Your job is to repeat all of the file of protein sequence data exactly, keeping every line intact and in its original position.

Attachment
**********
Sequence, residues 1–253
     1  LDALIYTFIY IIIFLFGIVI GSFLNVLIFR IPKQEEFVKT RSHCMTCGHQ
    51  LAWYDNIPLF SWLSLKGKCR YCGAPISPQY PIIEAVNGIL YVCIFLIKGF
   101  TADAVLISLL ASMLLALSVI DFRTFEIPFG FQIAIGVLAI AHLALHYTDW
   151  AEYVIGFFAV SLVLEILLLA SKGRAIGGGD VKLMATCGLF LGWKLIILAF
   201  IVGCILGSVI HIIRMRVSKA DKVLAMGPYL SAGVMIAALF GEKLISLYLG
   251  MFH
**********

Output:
Sequence, residues 1–253
     1  LDALIYTFIY IIIFLFGIVI GSFLNVLIFR IPKQEEFVKT RSHCMTCGHQ
    51  LAWYDNIPLF SWLSLKGKCR YCGAPISPQY PIIEAVNGIL YVCIFLIKGF
   101  TADAVLISLL ASMLLALSVI DFRTFEIPFG FQIAIGVLAI AHLALHYTDW
   151  AEYVIGFFAV SLVLEILLLA SKGRAIGGGD VKLMATCGLF LGWKLIILAF
   201  IVGCILGSVI HIIRMRVSKA DKVLAMGPYL SAGVMIAALF GEKLISLYLG
   251  MFH